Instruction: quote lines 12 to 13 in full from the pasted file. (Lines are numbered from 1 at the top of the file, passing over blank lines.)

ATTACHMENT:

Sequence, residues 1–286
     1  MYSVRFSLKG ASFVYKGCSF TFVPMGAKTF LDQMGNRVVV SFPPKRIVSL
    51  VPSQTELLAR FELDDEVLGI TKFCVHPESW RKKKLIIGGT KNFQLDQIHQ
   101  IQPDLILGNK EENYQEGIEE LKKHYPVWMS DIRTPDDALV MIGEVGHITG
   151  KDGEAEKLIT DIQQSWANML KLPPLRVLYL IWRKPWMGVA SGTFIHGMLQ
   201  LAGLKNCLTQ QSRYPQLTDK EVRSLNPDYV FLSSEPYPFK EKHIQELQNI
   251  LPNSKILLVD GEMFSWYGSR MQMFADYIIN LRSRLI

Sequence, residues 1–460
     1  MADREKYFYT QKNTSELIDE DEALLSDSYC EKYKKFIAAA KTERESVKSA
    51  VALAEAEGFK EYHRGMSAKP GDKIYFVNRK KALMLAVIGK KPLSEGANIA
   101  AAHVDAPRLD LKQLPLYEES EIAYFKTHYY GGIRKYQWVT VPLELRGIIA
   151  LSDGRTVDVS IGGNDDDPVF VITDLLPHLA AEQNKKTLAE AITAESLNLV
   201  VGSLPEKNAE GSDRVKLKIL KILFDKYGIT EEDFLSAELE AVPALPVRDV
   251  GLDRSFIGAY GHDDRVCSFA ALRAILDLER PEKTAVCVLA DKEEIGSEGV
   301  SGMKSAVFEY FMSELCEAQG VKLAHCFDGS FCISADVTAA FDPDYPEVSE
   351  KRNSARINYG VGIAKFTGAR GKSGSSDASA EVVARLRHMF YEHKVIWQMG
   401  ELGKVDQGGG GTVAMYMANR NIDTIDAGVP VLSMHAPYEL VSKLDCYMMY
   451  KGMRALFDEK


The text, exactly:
   151  LSDGRTVDVS IGGNDDDPVF VITDLLPHLA AEQNKKTLAE AITAESLNLV
   201  VGSLPEKNAE GSDRVKLKIL KILFDKYGIT EEDFLSAELE AVPALPVRDV